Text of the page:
Chip Hamer introduces the squad of activist poets which supports striking workers.
Poetry on the Picket Line sounds a little unlikely, but it works: a squad of writers prepared to turn up on picket lines and read poetry. Something a little different and it usually goes down pretty well.
It started off by accident, a few years ago now, during the dispute at the National Gallery. The campaign against privatisation was heavily supported by the PCS Culture Group, whose members were taking action to protect their jobs, terms and conditions. It was a long struggle, during the course of which some of the writers involved with the Culture Group decided to read poems (rather than make speeches).
The poetry provoked an enthusiastic response – surprisingly, perhaps – but then a change is as good as a rest, and some informed entertainment provided something different for the pickets and their supporters. Following this the poets put a gig on - outside the gallery – which was a resounding success. It coincided with the day the management finally agreed to terms, so they spun it that it was the poetry that won it. It was about much more than that, of course - 111 days of strike action, apart from anything else.
Word spread quickly (these are quality operators) so now Poetry on the Picket Line are in demand, having done work with other PCS disputes across the Culture Sector (but also at the Equality and Human Rights Commission), the junior doctors, the cleaners' strikes at LSE and SOAS, the Bart's strike and the BECTU cinema workers dispute (see below). Most recently being very active on UCU picket lines.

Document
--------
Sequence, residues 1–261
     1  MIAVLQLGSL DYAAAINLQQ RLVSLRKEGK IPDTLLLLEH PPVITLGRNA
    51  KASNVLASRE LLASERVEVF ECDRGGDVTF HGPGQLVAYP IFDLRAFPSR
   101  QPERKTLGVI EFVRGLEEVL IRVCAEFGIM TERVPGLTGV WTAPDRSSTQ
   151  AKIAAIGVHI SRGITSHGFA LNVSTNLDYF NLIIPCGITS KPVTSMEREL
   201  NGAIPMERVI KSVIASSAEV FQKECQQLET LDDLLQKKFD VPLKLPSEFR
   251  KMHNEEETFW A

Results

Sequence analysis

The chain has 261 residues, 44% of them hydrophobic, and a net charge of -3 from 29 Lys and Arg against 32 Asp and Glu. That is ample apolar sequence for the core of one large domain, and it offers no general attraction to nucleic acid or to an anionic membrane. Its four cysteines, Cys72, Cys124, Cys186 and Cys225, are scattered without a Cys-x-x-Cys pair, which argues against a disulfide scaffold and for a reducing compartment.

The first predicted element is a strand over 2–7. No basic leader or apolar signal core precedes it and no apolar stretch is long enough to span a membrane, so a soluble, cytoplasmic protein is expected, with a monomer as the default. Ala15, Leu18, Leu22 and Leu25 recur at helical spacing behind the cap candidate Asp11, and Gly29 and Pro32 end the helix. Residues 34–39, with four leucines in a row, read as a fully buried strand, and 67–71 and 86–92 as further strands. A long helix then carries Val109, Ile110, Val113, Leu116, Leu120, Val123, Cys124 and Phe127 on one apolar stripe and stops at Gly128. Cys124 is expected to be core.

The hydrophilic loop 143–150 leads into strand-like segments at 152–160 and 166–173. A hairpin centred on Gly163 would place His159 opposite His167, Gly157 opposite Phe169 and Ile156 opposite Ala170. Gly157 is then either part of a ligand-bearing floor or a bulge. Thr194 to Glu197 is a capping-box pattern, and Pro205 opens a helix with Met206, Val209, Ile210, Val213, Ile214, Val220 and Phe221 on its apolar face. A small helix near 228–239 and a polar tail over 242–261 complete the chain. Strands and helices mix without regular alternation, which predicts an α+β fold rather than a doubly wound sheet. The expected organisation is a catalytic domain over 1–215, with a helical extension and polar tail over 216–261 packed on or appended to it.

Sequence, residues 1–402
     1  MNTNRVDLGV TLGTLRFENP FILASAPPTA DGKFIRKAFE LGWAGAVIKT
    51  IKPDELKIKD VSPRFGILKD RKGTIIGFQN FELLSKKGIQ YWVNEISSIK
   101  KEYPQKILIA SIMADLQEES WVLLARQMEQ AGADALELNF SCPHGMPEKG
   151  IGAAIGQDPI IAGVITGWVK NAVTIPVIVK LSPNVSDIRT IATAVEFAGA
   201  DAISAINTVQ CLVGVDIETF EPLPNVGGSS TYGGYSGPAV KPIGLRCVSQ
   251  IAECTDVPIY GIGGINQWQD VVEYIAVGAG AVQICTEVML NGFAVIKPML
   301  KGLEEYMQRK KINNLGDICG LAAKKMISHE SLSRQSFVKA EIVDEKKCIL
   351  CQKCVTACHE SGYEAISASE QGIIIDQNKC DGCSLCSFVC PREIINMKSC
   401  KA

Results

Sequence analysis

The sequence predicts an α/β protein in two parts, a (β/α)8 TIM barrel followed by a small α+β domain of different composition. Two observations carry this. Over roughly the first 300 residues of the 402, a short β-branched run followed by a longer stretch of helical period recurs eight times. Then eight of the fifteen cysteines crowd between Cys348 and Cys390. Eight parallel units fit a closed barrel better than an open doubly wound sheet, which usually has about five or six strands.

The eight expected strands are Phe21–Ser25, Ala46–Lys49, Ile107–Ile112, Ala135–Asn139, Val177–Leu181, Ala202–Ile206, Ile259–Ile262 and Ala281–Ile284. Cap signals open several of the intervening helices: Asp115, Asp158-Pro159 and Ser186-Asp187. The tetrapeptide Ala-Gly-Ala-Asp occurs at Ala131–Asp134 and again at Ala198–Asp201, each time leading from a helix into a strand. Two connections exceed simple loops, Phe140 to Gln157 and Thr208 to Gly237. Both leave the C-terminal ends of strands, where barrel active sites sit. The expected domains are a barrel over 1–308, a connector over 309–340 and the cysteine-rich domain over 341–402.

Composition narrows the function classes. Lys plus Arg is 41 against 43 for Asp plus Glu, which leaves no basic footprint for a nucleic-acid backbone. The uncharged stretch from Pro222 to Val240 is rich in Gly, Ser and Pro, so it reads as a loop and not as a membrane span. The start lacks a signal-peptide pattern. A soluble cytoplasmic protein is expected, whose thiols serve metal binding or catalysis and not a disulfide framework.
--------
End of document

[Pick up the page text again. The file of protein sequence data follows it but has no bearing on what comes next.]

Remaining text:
They do what it says on the tin. Turn up at pickets and demos and read poems - with a mic, without a mic, through a bullhorn, whatever. Pickets are generally pretty pleased and surprised to see them. They appreciate the support, and some of them even appreciate the poetry!
Plus, it's unusual. So pictures get taken and videos get made and shared on Fb, Twitter and other social media. that helps raise the profile of the dispute (which, in the case of something like the current Picturehouse campaign, where there's a boycott of the cinema chain, is vital), and it helps to raise the profile of the poets too.
Then, when they do gigs the poets talk about the work, pass the hat round, sell T-shirts and badges, with the money going back into the various strike funds. It's all about the solidarity, and it works.
It matters because it brings poetry onto picket lines and picket lines into poetry. Real people connecting with real poetry in the real world. That's got to be a good thing!
Culture Matters is about to publish a new anthology of poetry from PotPL.